Real vindication for investors, however, occurred earlier this week, when the stocks surged after the announcement of their proposed consolidation into a single entity.
Investors in El Paso Pipeline Parkers and Kinder Morgan Energy Partners who opt to take Kinder Morgan Inc.’s offer will incur the same recapture taxes they would face if they were to sell their units in the open market.
Management estimates that the average investor in Kinder Morgan Energy Partners will face a levy ranging from $12.00 to $16.00 per unit, while the El Paso Pipeline Partners’ typical unitholder will incur about $4.61 per unit in taxes. Investors who have held these stocks for longer periods will face higher obligations.
Investors who hold i-units issues by Kinder Morgan Management have zero taxes to contend with if they opt to take Kinder Morgan Inc.’s buyout offer.
The new Kinder Morgan Inc. aims to grow its dividend by 10 percent annually over the next several years from its base of $2.00 per unit.
Investors shouldn’t look to the most popular MLPs for value.
Enterprise Products Partners, for example, was a screaming buy during the Great Recession and its immediate aftermath, but the stock trades at a lofty valuation and should only be bought on a pullback. (My colleague Elliott Gue discussed this topic at length in Enterprise Products Partners LP: Great Company, Not a Great Stock.)
And given the stock’s 15.6 percent weighting in the Alerian MLP Index and prominence in virtually every fund that focuses on publicly traded partnerships, the stock has become more of a momentum play that fluctuates with the fortunes of the MLP universe.
This caveat also applies to Pembina Pipeline Corp (TSX: PPL, NYSE: PBA), a longtime favorite of mine that owns pipelines and other midstream assets in Canada.
The company’s second-quarter results reaffirmed the company’s strength, with revenue increasing 36.7 percent year over year and adjusted cash flow from operating activities climbing by 20.4 percent.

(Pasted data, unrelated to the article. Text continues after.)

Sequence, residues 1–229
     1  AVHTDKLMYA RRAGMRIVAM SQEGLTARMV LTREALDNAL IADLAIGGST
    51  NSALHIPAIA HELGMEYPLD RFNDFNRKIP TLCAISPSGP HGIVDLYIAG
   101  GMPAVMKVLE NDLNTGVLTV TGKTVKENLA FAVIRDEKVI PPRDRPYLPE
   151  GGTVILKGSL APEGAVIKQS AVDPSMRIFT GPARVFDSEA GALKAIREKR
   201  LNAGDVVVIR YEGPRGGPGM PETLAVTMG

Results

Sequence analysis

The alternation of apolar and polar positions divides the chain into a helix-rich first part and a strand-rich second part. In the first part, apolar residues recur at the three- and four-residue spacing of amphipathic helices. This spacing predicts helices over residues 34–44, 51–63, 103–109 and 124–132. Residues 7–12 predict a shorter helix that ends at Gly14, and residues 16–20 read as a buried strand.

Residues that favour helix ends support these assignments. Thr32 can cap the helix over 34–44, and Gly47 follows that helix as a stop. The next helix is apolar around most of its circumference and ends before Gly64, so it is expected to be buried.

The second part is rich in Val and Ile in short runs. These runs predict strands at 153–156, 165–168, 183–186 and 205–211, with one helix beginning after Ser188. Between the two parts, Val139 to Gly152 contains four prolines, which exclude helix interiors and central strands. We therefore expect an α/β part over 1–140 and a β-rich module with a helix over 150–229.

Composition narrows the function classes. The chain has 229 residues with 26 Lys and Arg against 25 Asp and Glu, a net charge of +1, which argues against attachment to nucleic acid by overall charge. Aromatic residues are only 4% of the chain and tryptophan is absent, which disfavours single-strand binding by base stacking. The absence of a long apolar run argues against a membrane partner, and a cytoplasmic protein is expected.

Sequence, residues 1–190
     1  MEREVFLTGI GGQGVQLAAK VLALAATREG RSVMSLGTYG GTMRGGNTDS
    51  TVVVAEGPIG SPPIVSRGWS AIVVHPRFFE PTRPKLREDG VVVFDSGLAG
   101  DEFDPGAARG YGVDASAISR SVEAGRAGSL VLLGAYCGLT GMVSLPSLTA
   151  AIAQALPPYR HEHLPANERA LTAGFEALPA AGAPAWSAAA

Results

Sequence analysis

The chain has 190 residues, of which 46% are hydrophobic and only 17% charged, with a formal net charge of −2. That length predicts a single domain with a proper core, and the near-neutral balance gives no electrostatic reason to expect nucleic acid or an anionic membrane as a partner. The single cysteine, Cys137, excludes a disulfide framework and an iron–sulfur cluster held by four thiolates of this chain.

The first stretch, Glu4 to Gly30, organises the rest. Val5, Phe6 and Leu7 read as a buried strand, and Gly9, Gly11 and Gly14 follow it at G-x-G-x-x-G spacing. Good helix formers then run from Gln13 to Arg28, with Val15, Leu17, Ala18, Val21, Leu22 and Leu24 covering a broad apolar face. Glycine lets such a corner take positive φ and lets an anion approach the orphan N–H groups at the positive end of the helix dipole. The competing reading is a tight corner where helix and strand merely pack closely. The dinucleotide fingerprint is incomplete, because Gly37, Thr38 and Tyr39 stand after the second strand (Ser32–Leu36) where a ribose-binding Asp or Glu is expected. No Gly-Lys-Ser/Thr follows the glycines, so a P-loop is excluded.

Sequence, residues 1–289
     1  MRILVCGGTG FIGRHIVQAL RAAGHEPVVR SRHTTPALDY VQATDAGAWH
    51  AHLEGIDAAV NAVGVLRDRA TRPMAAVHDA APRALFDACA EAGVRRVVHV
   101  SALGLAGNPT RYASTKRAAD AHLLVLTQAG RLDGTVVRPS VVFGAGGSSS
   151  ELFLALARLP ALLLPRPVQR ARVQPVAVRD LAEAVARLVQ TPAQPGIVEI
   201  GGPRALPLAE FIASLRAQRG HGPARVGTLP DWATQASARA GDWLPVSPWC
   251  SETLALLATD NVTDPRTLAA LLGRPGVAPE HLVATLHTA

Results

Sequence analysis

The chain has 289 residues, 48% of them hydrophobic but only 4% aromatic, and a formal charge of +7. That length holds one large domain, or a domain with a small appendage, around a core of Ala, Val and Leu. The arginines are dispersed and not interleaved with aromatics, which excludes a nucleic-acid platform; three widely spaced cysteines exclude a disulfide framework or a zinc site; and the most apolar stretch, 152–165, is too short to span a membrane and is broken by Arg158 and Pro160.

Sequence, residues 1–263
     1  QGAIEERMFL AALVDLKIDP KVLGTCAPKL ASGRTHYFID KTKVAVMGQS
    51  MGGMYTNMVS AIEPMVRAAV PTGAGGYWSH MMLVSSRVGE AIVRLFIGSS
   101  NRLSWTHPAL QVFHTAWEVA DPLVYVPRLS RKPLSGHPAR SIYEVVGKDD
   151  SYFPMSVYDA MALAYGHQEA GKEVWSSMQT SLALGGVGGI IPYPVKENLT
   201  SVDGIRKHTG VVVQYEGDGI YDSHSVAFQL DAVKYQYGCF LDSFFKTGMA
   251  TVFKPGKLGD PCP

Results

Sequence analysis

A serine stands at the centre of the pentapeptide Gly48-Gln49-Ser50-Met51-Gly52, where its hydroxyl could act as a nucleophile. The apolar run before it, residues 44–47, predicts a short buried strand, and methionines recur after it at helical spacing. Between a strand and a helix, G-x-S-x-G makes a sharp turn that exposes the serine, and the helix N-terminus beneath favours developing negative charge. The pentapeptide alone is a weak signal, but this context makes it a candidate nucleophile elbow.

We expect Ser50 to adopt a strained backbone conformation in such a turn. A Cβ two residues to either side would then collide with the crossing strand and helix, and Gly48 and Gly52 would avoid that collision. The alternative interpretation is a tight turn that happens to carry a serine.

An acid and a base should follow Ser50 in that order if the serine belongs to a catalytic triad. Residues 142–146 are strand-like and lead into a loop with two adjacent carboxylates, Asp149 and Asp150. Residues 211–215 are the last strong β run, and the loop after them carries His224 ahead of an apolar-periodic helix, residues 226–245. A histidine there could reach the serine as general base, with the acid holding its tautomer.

Meanwhile, Pembina Pipeline remains on track to invest CA$1.7 billion in growth projects this year and announced another CA$460 million worth of new opportunities to pursue. New projects are the lifeblood of dividend growth.
The company also boosted its monthly dividend to CA$0.15 per share–its second increase over the past 12 months.
Investors have piled into the stock, compressing the dividend yield to 3.7 percent and driving a 25 percent total return year to date. Trading at 21.4 times cash flow, Pembina Pipeline is a hold for investors who already own the stock; however, new money should stay on the sidelines.
Instead of focusing on the mainstream favorites in the midstream space, investors should take the following course of action:
Conservative investors should take a second look at MLPs that have fallen out of favor because their distribution growth has stalled. The key is identifying names that should be able to resume growing their quarterly payouts.
For example, Buckeye Partners LP (NYSE: BPL) last year grew its distribution after a fallow period and rewarded believers with a 67 percent total return.
Our favorite turnaround story for 2014 recently raised its distribution for the first time in two years and has a number of additional levers to pull to drive growth and unlock additional value for unitholders.